After treatment James Bond is passed fit to return to active duty and eliminate a hired assassin called Scaramanga who has clients like the KGB and the Mafia.

Bond has tracked Scaramanga to a location he knows well. Jamaica. Also there working is his former secretary. The delightful Miss Mary Goodnight

Soon Bond and Scaramanga paths cross. Along with Mary Goodnight, Bond also has help from his good friend Felix Leither.
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There is a widely held opinion that Ian Fleming had lost faith in his creation towards the end of the James Bond series and the dreadful preceding story, "You only live twice" made me approach this story with trepidation. Bond's adventure in Japan saw the author writing on auto-pilot with the plot being totally risible and the action limited. It is a shockingly poor book. Mercifully, "The man with the golden gun" returns to the same territory of earlier Bond novel with the secret agent pitted against the assassin Scaramanga in the familiar territory of Jamaica and sees Fleming compose a straight-forward a credible plot with a climax that will have you quickly rushing through the pages.

The opening chapters see James Bond rehabilitated from the misfortunes of the previous two novels and quickly dispatched to familiar territory where he is to hunt down the notorious hit man. Pleasingly, the book recalls earlier Bond novels such as "Diamonds are forever" , "Dr No" and "Live an let die" whilst retaining the leanness of the short stories which I feel represent Fleming's best writing and reveal James Bond as a more hardened and ruthless individual. In the longer books, Bond is far more human and fallible - a million miles from any of the screen versions.( The shorter stories probably reveal Daniel Craig's impersonal version as nearer the mark. and the character is slightly more ruthless and cold-blooded than in the more familiar titles.)

Of the series, this is one of the best if not quite as good as "From Russia with love" or "The spy who loved me" and if the writing is a bit scraggy and maudlin at the conclusion, it is fair to say that the excitement levels never let up.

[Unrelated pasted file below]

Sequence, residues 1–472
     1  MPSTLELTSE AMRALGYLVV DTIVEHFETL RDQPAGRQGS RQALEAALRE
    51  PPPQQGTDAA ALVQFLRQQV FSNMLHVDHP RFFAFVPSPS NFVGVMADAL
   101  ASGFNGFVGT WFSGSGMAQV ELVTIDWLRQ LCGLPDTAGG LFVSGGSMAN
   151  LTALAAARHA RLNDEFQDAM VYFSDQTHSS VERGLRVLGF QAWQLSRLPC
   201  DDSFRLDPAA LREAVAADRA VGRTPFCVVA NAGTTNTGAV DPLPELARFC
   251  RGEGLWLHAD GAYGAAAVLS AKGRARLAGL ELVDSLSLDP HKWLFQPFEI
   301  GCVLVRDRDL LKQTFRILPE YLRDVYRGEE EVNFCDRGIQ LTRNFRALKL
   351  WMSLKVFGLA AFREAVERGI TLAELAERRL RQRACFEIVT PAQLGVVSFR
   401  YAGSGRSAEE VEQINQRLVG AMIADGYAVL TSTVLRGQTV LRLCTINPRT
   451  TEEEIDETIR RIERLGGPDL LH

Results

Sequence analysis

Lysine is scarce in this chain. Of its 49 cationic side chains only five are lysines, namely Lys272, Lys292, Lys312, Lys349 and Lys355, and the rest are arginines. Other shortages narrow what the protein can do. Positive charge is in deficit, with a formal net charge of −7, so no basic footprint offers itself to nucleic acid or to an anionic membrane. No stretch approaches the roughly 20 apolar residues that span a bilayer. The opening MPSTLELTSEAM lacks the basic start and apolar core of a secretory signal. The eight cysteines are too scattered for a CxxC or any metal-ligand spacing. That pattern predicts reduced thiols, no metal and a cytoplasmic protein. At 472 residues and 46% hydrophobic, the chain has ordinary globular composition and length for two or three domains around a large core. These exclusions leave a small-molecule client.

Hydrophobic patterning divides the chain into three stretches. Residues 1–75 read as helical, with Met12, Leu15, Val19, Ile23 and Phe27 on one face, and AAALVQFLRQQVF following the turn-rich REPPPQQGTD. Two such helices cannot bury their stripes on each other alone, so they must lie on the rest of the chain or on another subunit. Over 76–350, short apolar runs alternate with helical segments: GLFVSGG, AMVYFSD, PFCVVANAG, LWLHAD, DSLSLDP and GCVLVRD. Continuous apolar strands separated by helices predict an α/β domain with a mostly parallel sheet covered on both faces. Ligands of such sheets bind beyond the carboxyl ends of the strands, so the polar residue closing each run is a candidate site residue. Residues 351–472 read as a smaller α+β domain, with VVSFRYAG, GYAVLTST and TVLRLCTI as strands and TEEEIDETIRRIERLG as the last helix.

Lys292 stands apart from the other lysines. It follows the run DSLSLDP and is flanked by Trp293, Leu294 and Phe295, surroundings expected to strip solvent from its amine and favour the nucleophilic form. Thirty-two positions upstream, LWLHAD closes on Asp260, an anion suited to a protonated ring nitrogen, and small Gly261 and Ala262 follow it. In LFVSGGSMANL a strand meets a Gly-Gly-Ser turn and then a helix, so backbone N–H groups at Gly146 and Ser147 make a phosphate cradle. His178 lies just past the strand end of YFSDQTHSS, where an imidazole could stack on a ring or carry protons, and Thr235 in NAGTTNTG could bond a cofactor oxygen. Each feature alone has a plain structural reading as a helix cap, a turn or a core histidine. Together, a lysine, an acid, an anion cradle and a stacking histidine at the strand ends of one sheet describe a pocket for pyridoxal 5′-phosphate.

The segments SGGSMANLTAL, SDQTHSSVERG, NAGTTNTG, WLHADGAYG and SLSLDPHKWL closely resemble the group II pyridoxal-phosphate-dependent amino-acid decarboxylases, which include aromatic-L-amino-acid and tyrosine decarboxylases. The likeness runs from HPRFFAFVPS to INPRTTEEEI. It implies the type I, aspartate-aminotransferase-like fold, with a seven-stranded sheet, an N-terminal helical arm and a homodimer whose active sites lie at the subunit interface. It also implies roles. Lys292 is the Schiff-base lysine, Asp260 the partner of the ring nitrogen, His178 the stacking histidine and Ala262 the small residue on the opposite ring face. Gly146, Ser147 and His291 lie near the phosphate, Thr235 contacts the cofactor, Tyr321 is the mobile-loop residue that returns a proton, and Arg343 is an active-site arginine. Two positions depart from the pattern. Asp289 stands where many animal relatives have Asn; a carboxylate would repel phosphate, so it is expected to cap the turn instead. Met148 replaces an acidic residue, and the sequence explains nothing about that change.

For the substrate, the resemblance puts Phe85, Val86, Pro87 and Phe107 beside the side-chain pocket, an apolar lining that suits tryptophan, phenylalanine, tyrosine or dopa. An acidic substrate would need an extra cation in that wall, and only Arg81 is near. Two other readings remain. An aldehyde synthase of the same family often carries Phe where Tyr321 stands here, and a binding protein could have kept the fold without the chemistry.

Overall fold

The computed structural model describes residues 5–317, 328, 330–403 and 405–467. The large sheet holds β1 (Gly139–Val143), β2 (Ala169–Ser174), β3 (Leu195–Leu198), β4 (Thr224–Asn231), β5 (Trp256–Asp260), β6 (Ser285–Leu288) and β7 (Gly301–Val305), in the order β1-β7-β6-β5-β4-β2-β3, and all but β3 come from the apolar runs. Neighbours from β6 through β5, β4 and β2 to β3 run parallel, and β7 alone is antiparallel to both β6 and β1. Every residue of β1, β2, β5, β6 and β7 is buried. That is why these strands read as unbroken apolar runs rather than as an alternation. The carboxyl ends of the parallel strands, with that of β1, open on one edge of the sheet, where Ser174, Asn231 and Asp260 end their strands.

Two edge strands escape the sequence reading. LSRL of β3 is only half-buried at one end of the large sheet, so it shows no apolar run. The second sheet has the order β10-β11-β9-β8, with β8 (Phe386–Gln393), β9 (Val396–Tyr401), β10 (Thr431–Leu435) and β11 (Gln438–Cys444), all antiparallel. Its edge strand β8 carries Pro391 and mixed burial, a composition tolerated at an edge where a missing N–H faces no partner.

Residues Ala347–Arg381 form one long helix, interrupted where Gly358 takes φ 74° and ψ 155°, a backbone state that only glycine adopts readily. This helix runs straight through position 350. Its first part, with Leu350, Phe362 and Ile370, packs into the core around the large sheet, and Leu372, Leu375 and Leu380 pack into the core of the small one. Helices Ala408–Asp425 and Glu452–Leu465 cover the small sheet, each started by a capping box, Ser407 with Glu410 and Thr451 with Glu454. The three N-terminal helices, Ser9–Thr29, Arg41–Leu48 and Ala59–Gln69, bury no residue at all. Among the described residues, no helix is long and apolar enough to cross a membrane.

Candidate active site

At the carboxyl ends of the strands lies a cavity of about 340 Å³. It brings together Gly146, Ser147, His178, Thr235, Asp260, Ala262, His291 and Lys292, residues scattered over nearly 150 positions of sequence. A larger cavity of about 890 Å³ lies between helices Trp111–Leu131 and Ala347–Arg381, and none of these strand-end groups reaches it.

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This is easily the most disappointing of the thirteen true James Bond books (why yes; I do consider the following books written by different authors to be non-canon) and honestly I think it would be unfair to blame Fleming for the result. He died writing it after all so its understandable that he wouldn't have been at his best, and it WAS finished off by the author of the terrible ''Colonel Sun.''
Put simply, this book absolutely squanders its own potential. The ''Manchurian Candidate'' style plot could have been awesome if it was done in the style of ''From Russia With Love'' but instead it is wrapped up literally within the first chapter and is almost never mentioned again.
Scaramanga himself is nothing but a henchman compared to SMERSH or SPECTRE and is only dangerous because he is a good shot. The film version as cheesy as he is, was far more menacing than this guy. And even if he wasn't, even if you believe that he is a formidable and impressive villain, you simply cannot say that he is more interesting than the brainwashing plot could have been.
Its still a good book mind, I would recommend it to you, but if you don't feel like reading the other twelve books in the series PLEASE read this after ''Casino Royale'' or ''From Russia With Love.'' Fleming at his best is miles away from Fleming at his worst.